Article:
corrosive

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Related to corrosively: causticism

corrosive

 [kŏ-ro´siv]
having a caustic and locally destructive effect; an agent having such effects.

cor·ro·sive

(kŏ-rō'siv),
1. Causing corrosion.
2. An agent that produces corrosion, for example, a strong acid or alkali.

cor·ro·sive

(kŏr-ō'siv)
1. Causing corrosion.
2. An agent that produces corrosion (e.g., a strong acid or alkali).
References in periodicals archive ?
These divisions are corrosively ironic in that they open up frames that double back on the film's audiences.
It is a gritty work that concentrates on the gangland culture that has corrosively polluted the neighbourhoods in which some of the pupils live.
The resulting beverage could be anything from a magnificent deep clear Indian ruby red velvety and intoxicating beverage, to a muddy, harsh, corrosively bitter brew depending upon the value of the beans used, the quantity of the re-pour and the skill of the coffee steward (it was almost always a man's job in that generation).
Martin McDonagh's corrosively comic (and tragic) play about an aging Irish spinster and the manipulative mother to whom she's tied opens the Banyan Theater Company summer season, June 25 through July 12 at the Cook Theatre.
Sapolsky's conclusion is thus a devastating attack on the inequalities of Westernized human society and its consequent toxic effect on those of lower social rank, by society's 'corrosively subordinating its have-nots'.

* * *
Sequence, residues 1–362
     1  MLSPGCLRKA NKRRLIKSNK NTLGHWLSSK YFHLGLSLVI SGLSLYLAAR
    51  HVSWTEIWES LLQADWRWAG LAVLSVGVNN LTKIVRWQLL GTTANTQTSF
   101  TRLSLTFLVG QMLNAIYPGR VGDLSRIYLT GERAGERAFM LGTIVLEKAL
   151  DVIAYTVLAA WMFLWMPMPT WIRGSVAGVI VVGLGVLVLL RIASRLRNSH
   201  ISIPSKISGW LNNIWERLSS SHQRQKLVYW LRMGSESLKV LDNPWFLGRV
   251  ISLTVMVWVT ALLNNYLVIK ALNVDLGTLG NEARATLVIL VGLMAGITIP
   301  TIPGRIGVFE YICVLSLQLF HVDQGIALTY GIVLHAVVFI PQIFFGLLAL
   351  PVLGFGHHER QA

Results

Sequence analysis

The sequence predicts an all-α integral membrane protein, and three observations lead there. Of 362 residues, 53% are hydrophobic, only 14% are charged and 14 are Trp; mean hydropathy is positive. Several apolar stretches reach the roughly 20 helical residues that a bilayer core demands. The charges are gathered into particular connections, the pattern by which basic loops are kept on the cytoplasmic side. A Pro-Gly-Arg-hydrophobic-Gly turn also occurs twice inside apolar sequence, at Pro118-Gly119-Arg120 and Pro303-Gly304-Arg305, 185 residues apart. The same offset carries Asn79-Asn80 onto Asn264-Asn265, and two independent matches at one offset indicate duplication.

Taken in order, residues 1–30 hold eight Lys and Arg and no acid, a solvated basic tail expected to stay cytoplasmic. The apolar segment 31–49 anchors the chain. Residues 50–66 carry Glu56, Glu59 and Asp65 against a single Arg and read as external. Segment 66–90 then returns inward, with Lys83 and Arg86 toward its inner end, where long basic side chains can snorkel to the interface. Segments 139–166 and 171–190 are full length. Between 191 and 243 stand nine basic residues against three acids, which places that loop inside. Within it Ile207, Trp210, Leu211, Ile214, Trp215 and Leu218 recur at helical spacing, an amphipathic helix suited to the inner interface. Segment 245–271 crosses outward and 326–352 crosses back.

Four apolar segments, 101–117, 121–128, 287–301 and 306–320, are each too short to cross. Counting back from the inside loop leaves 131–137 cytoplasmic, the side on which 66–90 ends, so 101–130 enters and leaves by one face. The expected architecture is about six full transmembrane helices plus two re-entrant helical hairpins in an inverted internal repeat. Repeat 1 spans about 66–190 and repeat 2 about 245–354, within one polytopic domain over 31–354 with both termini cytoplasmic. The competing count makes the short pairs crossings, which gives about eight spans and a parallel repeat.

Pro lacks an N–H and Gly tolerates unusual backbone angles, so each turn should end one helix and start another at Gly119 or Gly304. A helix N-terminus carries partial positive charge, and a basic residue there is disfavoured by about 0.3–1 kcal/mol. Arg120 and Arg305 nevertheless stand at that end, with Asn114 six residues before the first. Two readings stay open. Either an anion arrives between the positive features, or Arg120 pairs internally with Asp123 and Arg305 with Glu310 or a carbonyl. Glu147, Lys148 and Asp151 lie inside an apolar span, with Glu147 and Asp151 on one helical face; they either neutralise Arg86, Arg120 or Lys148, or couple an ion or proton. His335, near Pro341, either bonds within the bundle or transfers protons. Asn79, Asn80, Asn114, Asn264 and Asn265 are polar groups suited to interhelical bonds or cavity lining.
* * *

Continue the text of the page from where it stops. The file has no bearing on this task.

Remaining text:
In the presentation of Titian's stunning portrait of a well fed and handsomely robed Aretino (painted at the request of Cosimo I) we are given quotes from the letter Aretino himself wrote about it to Paolo Giovio, but are only more fleetingly informed of the satirical verses by Aretino's insidious enemy, Niccolo Franco, who wrote eleven corrosively satirical sonnets dedicated to this portrait.
currently mainstream academic approach corrosively colluded with my
Surface composition and morphology, therefore, greatly affect the ability of metal to remain passive or to become corrosively active.
First group are antiwear and anti-friction properties and second-viscosity, emulsionability, foaming, corrosively.
More corrosively, football is a game that has had all the last vestiges of competition smashed by the weight of Champions League cash and has become a big money procession of inevitability.